El Salvador has arrested some 50,000 suspected gang members since President Nayib Bukele launched a “war” in March on criminal groups terrorizing the country, the head of the country’s police force announced Tuesday.
“We can inform the Salvadoran people that we have already reached 50,000 recorded detentions during the period of the emergency regime,” said Mauricio Arriaza, director of the National Civil Police.
Arriaza, as well as Justice Minister Gustavo Villatoro and Defense Minister Rene Merino appeared Tuesday at parliament to request an extension of the emergency powers, which have done away with the need for arrest warrants.
They were first enacted in March and have been prolonged by the legislature on a month-by-month basis ever since.
The 84-seat unicameral assembly agreed Tuesday night to grant the government’s newest request to maintain the decree, with 66 members voting in favor of an extension through mid-September.
The small Central American country has also increased sentences for gang membership five-fold, to up to 45 years.
To house part of the detainees, Bukele ordered the construction of a gigantic prison for 40,000 gang members in a rural area of the city of Tecoluca, in the center of the country, which should be ready before the end of the year.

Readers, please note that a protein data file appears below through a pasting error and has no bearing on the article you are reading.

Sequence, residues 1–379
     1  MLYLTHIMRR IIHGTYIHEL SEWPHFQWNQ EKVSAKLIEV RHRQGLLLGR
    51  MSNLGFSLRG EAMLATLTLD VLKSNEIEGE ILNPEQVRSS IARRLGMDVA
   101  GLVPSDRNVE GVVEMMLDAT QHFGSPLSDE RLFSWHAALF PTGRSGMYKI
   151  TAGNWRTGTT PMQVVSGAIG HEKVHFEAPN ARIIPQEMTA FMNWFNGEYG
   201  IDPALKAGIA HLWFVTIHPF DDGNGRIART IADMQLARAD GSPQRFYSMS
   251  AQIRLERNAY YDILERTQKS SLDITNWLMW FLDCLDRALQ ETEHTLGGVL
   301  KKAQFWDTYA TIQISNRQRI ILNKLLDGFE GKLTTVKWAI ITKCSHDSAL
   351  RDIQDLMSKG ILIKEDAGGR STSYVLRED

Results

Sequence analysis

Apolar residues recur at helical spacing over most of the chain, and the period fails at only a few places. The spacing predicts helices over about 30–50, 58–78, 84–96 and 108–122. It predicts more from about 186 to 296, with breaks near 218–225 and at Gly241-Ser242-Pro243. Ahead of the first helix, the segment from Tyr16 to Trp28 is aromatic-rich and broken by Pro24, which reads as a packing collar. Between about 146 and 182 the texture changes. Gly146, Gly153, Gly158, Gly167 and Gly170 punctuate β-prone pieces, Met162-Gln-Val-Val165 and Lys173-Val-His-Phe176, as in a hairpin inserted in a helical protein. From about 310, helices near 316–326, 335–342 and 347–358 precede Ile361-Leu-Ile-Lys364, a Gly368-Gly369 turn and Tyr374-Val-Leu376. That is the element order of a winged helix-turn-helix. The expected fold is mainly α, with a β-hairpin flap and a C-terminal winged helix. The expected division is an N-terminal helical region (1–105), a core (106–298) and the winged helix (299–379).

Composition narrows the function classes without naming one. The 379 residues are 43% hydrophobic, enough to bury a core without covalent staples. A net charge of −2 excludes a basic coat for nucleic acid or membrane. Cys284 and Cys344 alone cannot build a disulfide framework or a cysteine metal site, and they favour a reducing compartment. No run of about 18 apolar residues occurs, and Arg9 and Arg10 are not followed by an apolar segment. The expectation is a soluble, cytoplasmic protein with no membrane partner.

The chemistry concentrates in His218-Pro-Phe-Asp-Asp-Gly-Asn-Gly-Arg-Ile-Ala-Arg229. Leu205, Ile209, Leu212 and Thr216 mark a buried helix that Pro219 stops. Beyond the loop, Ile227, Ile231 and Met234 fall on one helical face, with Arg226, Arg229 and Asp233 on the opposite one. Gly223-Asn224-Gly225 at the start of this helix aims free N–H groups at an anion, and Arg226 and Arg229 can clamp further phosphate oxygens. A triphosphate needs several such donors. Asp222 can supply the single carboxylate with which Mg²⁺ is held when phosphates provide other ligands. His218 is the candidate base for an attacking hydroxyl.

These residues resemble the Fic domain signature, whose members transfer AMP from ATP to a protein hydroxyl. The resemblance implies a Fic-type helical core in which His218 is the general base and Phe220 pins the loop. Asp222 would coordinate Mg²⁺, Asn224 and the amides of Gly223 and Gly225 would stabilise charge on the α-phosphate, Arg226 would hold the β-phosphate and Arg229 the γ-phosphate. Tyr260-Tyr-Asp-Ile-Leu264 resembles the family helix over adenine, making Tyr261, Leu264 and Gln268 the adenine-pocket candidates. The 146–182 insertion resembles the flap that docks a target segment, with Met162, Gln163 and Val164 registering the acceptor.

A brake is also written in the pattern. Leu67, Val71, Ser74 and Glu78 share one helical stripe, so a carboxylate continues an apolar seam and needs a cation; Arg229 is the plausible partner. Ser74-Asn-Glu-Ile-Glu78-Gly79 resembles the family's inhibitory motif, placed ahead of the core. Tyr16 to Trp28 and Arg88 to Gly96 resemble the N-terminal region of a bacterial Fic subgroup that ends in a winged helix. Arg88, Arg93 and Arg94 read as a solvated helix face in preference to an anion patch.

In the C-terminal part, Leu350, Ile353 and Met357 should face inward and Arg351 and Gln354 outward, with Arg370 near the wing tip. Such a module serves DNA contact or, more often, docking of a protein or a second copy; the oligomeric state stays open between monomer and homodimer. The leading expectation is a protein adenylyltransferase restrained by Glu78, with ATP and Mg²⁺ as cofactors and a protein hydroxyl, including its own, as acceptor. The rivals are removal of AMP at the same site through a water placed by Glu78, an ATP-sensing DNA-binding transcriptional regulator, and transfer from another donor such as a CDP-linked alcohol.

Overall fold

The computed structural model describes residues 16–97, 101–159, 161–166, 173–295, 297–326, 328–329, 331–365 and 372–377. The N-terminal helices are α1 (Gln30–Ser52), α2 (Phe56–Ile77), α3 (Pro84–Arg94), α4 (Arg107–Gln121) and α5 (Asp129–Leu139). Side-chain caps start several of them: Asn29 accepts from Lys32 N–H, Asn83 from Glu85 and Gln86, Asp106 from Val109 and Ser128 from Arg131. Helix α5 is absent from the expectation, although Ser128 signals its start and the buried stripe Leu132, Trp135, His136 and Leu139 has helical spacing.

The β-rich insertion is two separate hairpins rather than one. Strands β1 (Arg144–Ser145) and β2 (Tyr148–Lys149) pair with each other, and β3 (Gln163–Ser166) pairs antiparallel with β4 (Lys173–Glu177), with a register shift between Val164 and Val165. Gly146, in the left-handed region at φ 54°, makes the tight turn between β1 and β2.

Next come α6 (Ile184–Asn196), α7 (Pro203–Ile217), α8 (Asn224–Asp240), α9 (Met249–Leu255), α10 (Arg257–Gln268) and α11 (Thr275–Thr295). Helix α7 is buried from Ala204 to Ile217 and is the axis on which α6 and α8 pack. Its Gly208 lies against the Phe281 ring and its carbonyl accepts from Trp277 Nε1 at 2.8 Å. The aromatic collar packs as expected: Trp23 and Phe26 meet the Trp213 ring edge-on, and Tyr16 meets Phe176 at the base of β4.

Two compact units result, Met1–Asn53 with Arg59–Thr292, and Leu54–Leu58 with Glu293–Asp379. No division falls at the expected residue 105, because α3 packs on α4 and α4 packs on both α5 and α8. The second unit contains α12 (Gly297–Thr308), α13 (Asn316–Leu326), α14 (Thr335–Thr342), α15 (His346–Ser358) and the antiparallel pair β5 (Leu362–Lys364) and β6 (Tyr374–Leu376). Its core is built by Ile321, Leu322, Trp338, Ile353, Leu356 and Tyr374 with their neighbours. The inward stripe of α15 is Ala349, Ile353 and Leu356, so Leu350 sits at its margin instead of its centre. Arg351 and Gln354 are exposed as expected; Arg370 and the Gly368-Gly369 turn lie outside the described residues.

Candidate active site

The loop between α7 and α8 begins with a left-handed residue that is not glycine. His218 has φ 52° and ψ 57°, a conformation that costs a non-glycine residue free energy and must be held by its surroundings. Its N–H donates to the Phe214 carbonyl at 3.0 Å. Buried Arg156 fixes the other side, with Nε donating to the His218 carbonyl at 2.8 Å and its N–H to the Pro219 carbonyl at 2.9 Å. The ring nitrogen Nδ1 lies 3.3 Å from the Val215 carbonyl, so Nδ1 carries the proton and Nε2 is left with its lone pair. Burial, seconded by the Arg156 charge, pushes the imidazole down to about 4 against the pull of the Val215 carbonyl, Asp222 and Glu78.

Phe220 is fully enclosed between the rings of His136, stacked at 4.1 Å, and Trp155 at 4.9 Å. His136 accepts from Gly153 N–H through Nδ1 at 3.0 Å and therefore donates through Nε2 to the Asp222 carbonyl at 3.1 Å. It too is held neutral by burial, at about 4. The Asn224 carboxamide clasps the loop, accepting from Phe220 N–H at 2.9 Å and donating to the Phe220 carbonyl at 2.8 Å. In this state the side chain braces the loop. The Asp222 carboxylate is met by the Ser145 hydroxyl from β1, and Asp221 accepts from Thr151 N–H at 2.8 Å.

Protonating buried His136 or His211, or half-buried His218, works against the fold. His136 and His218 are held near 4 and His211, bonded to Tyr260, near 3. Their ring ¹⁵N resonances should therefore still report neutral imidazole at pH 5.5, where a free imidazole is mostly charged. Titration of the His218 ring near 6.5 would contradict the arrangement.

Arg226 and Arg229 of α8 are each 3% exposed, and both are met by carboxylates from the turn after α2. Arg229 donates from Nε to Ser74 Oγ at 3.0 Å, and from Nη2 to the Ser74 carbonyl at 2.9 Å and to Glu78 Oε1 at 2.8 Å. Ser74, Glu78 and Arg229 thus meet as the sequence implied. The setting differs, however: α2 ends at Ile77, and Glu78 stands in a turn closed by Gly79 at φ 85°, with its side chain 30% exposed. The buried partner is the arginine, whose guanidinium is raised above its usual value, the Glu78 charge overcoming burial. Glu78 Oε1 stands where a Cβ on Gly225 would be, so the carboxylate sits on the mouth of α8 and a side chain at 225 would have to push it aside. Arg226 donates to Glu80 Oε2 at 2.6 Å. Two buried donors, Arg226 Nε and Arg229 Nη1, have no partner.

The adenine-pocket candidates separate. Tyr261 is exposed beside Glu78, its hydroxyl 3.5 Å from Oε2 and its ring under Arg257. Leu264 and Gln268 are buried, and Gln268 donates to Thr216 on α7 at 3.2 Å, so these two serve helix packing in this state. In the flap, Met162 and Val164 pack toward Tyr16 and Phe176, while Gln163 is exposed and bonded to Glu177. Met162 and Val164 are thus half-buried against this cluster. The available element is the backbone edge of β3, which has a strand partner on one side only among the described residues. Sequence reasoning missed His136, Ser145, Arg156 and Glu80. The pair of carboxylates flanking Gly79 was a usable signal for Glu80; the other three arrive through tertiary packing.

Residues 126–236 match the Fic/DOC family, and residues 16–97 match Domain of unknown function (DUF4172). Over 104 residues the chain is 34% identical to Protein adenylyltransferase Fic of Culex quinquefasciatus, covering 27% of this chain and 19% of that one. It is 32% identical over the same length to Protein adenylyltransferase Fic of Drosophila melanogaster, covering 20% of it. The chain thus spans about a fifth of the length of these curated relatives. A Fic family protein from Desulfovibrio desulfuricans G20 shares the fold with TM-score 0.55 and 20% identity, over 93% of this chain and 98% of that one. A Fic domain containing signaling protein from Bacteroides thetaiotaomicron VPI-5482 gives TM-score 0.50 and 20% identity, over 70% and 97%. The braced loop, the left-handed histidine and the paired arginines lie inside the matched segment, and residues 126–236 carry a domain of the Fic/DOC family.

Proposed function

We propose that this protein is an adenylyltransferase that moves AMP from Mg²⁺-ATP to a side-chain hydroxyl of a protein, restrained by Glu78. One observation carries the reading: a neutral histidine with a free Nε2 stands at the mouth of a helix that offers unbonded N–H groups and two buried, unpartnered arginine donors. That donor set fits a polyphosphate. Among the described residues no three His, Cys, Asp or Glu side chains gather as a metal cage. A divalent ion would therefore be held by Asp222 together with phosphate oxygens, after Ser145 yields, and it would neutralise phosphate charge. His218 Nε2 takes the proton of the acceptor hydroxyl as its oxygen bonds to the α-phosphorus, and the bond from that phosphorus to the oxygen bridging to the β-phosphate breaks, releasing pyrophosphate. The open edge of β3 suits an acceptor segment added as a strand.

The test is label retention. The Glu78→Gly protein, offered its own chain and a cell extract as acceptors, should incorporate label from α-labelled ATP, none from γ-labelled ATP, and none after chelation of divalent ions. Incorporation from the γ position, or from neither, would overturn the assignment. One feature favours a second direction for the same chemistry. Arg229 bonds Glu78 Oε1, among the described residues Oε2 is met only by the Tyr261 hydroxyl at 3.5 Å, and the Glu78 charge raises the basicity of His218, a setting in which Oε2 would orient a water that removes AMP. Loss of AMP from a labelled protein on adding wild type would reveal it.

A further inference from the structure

“The results of the emergency regime have been overwhelming, we have had a strong impact on these terrorist structures,” Villatoro said Tuesday in his report on the gang crackdowns.
Almost 69 percent of the detainees are accused of belonging to the notorious Mara Salvatrucha gang — also known as MS-13 — followed by the Surenos faction of the Barrio 18 gang (17.7 percent) and the Revolucionarios faction of the same group (12.7 percent).
Rights groups have denounced the arbitrary arrest of many people, including minors, with no gang links.
In different operations, the police and the army have seized more than a million dollars, in addition to 1,283 weapons.
More than 1,500 vehicles, as well as drugs and cell phones, have also been seized.
The wave of detentions is unprecedented in the country of 6.5 million people, who have suffered decades of violent crime driven by powerful gangs such as MS-13 and Barrio 18.
These gangs count some 70,000 members, most of them now behind bars, according to the authorities.